Eighty percent of what a child learns is acquired through visual processing.
Seem alarming? Many parents find themselves asking themselves Why is my child’s vision getting worse? And as the statistic above shows, the reason for concern is substantial.
In a study released by Kovin Naidoo, CEO of Brien Holden Vision Institute in Sydney, Australia, half of the world’s population will have vision problems by 2050. More specifically, they will have myopia, or nearsightedness. So when it comes to worrying about your child’s vision, you aren’t alone.
Why Is My Child’s Vision Getting Worse?
Vision problems can be difficult to detect in infants and young toddlers. But if they aren’t detected early enough, the issues could intensify. The progression of myopia could become an issue with your child’s education and their social interactions. So it’s best to try to catch it before the progression begins.
Your child’s vision could be affected by their genes. Genetics plays a large role in vision problems and when it comes to the question of Why is my child’s vision getting worse, the answer could lie in your gene pool.
Other factors, such as remaining indoors too often, can also play a part. But the advancements in technology and how often children use electronics also play a key role. Myopia develops and grows worse during times of near point stress—when staring at an object close to you for long periods of time.
How Can These Problems Be Prevented?
There are a variety of ways to treat vision problems in your child. These can range from simple instructions to in-depth surgeries. The extent of your child’s problems will need to be determined before a structured path for treatment is created.
That being said, some processes for treatment are fairly common. These include:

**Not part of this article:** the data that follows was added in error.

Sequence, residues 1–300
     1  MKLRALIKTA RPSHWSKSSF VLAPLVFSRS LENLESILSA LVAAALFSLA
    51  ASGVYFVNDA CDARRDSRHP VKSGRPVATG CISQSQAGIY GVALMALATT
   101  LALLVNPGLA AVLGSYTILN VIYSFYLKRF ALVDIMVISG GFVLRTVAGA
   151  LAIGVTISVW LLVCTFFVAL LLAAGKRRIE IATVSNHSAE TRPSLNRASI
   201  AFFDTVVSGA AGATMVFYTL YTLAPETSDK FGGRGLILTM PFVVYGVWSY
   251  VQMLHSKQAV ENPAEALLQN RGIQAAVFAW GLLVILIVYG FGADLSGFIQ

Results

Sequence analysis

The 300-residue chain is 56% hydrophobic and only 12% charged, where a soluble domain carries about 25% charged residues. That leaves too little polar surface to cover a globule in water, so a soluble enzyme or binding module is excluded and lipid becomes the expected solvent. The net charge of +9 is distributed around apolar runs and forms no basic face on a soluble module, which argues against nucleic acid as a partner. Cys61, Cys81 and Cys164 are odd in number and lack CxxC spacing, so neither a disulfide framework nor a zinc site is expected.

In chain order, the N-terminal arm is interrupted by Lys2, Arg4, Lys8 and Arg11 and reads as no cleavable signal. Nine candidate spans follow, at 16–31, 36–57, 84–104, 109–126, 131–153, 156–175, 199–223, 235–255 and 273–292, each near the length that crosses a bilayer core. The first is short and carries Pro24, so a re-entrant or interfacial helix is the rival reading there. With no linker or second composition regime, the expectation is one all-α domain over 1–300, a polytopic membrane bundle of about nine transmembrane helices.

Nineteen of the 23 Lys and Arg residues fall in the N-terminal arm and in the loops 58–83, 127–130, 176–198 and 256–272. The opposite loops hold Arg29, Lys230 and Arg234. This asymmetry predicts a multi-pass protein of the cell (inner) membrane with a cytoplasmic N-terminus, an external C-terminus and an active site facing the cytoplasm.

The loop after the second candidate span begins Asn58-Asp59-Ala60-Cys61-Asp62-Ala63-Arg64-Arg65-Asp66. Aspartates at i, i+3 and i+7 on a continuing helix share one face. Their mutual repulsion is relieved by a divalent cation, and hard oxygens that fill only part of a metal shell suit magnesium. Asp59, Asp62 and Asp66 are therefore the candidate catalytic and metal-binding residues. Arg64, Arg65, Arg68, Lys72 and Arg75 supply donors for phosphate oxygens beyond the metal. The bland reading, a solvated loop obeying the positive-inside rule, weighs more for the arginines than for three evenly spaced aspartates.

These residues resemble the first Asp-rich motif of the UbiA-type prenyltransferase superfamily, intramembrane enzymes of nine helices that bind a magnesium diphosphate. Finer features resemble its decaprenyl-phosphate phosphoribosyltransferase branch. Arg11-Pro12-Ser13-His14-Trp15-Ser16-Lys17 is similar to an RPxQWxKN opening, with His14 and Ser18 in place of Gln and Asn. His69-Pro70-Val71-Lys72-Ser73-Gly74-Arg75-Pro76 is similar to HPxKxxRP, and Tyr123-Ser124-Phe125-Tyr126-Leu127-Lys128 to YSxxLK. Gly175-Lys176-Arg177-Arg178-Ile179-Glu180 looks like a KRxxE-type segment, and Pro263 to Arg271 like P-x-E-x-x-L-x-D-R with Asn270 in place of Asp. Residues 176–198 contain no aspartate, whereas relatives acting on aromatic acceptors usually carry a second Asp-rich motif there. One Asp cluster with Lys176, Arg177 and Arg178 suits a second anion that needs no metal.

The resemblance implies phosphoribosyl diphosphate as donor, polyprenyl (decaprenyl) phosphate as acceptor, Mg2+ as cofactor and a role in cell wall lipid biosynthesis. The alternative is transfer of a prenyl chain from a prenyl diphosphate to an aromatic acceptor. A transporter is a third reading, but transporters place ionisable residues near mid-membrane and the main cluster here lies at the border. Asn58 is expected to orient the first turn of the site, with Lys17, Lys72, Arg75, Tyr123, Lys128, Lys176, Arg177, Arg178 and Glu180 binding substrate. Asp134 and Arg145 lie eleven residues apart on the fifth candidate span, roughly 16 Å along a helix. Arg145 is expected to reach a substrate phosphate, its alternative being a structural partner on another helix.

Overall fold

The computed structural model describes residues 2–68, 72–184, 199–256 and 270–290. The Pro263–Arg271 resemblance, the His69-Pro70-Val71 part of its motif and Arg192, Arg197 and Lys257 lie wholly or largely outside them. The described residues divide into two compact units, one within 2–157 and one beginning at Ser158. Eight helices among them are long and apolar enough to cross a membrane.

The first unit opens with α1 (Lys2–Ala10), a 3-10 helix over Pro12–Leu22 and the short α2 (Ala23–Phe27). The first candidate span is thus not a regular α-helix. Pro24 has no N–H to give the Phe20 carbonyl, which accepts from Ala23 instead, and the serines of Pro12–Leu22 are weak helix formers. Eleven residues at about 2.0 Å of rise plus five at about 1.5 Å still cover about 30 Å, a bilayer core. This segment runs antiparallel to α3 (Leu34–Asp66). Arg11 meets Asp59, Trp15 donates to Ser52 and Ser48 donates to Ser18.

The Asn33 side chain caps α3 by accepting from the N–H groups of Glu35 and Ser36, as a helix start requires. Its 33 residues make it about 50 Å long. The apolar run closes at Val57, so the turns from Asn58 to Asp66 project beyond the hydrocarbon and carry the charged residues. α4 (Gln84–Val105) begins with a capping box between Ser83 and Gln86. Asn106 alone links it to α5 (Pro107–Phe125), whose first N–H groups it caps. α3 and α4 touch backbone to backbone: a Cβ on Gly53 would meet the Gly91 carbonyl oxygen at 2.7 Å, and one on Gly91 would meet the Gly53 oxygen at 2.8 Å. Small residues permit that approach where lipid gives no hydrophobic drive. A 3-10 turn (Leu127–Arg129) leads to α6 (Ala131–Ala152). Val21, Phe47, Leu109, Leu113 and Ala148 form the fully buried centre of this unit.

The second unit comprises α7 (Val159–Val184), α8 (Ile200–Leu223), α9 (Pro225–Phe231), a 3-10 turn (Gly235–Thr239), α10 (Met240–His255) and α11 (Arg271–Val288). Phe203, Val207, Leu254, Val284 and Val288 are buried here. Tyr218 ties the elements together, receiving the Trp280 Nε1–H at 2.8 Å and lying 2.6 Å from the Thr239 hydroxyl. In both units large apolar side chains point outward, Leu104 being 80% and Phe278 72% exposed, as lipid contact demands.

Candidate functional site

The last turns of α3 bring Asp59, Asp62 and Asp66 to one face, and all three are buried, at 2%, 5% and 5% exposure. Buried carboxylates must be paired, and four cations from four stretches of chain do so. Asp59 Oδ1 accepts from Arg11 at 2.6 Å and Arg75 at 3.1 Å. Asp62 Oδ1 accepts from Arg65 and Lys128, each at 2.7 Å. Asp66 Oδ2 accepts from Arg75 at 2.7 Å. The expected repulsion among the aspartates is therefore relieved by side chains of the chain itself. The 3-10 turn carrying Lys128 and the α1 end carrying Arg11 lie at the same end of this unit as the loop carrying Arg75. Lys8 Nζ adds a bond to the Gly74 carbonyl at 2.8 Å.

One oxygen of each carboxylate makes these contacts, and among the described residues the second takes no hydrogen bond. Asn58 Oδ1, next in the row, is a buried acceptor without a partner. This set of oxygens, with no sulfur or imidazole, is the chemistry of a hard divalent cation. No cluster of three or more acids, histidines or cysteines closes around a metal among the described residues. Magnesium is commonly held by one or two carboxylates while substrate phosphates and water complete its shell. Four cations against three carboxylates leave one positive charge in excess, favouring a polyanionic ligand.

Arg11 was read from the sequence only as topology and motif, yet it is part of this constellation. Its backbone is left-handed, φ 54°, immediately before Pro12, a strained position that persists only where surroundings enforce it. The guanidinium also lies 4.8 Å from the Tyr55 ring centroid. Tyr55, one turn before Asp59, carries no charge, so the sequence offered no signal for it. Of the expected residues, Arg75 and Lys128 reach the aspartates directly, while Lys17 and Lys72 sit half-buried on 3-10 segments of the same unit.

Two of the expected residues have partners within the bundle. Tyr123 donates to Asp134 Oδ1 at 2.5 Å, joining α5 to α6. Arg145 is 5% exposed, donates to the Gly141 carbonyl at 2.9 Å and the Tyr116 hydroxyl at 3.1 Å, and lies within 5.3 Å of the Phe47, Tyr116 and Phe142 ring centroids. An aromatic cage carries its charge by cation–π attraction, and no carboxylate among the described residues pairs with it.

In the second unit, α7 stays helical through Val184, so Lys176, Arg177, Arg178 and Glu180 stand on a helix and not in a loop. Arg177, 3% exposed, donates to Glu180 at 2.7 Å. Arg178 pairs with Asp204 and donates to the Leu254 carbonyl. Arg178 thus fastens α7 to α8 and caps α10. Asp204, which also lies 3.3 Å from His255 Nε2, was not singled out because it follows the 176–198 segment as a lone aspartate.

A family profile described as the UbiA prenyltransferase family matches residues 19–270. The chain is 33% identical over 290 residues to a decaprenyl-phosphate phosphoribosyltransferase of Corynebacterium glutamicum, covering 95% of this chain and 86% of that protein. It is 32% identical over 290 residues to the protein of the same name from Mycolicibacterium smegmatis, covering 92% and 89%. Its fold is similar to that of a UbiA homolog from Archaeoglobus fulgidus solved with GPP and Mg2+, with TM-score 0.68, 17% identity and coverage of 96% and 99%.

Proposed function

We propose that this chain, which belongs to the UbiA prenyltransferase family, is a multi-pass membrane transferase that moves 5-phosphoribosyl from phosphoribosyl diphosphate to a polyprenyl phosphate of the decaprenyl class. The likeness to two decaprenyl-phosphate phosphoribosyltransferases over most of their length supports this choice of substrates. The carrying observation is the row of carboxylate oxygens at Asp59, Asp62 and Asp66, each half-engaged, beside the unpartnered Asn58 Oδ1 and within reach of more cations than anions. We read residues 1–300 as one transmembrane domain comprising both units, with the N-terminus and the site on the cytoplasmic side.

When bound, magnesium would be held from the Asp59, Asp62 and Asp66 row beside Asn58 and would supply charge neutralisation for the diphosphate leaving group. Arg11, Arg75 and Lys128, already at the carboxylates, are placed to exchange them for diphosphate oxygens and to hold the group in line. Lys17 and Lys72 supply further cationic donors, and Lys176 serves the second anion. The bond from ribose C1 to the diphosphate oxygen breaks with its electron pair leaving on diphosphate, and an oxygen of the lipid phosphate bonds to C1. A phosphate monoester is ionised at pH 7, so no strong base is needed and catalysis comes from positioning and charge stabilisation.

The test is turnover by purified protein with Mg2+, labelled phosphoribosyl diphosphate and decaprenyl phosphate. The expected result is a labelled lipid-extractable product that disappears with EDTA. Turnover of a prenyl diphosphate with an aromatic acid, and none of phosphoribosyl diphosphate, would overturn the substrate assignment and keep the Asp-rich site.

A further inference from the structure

· Atropine drops. These are used alone, or sometimes with other medications. They are simple, prescription eye drops that have been found to stop the progression of myopia and nearsightedness issues in your child.
· Orthokeratology, or Ortho-k. This process involves the patient wearing special contact lenses to bed. Over time, these special contact lenses reshape the cornea, which is the clear, front part of the eye. Your child’s vision will not be disrupted during the day, as they can typically go glasses-free and see clearly.
· Distance center multifocal contact lenses. These lenses can be worn throughout the day rather than at night. They provide clear vision, yet their “distance center” contact lens alters focus and slows the progression of myopia over time.
Avoid the Progression
Your child’s vision problems can lead to much greater consequences in the future. The snowball effect can begin when education suffers and they begin to fall behind in school. This impacts much of their social life and can lead to issues as an adult.
If you find yourself asking the question Why is my child’s vision getting worse, contact us to set up an appointment. Dr. Aguilera has 25 years of experience working in pediatric ophthalmology. She will happily walk you through the process of treating your child’s vision problems.